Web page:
Prophetic Theology – A Summary from the New Testament
This Learning Activity is a continuation of the previous Learning Activity.
1. James 5:8, 9
2. In the passage above, James is writing to the twelve tribes in the dispersion (see James 1:1). What do you think the passage tells us about the timing of the coming of the Lord?
3. From your analysis of the above passage, can you tell when the Lord came to bring judgment upon Israel?
4. 1 John 2:18
5. In the passage above, John states that it was the last hour when he wrote the words about the antichrists which had already come and because of that he knew that it was the last hour. If this is true, why are some in the church today still anticipating the coming of the antichrist?
6. Romans 16:20
7. In this passage Paul states that the God of peace will soon crush Satan under the feet of the Roman believers. When did God crush Satan?
8. Read 1 Corinthians 7:26-29.
9. Why did Paul say that the Corinthians should stay married if they were married, and stay single if they were single?
10. Matthew 24:14
11. What “end” was Matthew speaking of in the passage above?
12. Since Mark 16:20, Acts 24:5, Romans 1:8, Romans 10:18, Romans 16:26, Colossians 1:5, 6, and Colossians 1:23 state that what Matthew was speaking of was fulfilled during Bible times, why are some Christians today still waiting for the coming of the Son of man?
13. Matthew 10:22, 23
14. In the passage above, Jesus told His disciples to “endure to the end,” and that by the time they had finished going through the towns of Israel the Son of man (Jesus) would have come. If this is so, why are there some Christians who are today waiting for the coming of the Son of man?
15. Matthew 16:28
16. Jesus told His disciples in the above passage that some of them standing before Him would not taste of death (physically die) before they had seen the Son of man (Christ) coming in His kingdom. Why are there some Christians today who are still waiting for the kingdom to come in fact they pray that “thy kingdom come?”
17. Read Matthew 23:34-36.
18. When did the event described above take place?
19. What was the event that fulfilled the above action that Jesus spoke about?
20. Matthew 24:34
21. When did all of those things mentioned in the passage above take place?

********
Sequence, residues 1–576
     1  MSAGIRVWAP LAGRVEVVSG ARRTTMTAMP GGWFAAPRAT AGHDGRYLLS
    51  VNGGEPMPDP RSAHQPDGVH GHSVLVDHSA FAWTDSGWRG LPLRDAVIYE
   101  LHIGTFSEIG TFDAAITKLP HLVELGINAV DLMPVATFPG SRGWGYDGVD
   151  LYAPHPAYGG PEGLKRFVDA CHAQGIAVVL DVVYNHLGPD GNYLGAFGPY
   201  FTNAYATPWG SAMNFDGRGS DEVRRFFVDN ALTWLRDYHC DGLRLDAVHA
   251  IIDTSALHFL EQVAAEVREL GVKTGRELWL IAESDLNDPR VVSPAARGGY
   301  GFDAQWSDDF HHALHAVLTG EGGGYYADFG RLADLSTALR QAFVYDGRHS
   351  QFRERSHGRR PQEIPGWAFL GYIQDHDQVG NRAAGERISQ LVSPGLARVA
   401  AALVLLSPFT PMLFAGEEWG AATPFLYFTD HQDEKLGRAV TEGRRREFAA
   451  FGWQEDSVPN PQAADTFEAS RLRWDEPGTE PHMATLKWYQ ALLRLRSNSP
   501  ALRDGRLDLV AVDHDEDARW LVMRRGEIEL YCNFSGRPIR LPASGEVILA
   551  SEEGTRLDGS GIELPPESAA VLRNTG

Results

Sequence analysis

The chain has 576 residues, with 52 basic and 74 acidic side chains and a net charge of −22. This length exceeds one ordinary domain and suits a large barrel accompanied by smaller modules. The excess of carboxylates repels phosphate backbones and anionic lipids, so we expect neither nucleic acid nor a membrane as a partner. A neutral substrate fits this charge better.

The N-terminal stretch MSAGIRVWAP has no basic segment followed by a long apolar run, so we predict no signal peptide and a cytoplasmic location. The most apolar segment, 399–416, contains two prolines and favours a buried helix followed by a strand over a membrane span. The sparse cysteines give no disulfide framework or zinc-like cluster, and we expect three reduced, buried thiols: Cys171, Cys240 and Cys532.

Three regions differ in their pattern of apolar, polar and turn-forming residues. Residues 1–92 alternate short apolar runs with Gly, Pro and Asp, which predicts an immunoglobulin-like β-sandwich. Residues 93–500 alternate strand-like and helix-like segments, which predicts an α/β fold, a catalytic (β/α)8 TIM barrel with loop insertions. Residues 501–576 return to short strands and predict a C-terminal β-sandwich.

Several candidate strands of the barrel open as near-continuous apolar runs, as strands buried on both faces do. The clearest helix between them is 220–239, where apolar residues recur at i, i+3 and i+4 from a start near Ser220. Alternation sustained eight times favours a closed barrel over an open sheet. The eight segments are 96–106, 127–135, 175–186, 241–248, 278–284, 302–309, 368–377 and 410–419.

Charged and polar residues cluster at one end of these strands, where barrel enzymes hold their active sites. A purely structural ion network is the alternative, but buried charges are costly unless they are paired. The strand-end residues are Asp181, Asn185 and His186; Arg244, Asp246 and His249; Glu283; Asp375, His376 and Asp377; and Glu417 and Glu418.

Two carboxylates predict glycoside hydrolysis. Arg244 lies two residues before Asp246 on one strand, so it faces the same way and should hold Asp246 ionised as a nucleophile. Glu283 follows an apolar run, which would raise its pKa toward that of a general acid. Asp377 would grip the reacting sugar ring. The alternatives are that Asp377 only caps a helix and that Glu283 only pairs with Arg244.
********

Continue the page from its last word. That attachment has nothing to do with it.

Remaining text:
22. Matthew 26:64
23. When did Caiaphas experience what Jesus had said would take place in the above passage?
24. Mark 9:1
25. In view of the passage above, why are there Christians today that recite a prayer that asks for, “thy kingdom to come?”
26. Mark 13:30
27. In the passage above Jesus states that all of the things He had spoken about to His disciples in that chapter would take place before the generation to whom He was speaking had passed away. If this is true, when did the things of Mark 13 take place?
28. Mark 14:62
29. In the passage above Jesus told the high priest Caiaphas that he [Caiaphas] would see Jesus (the Son of man) coming on the clouds of heaven. When did this event take place?
30. Mark 15:43
31. Why do you think that Joseph of Arimathea was looking for the kingdom to come?
32. When did the kingdom come in all of its fullness?
33. Luke 3:7
34. What wrath was John speaking about in the passage above?
35. When did the multitudes John was speaking to experience this wrath?
NOTE: In order to understand a number of the following Bible citations it will be necessary to look at a smattering of Koine Greek. To begin with we need to be concerned with “tachei” and “tachu.” These words, in their various tenses, are translated as “shortly,” and “quickly.” The words do NOT mean “soon,” in the sense of “sometime,” but rather “swift,” “now,” “immediately,” “hastily,” and “suddenly.” The word meanings are critical to understanding the “imminency” that is being communicated in the vision of the book of Revelation to John. These words in no way would indicate something that would be expected to take place two thousand years or more into the future!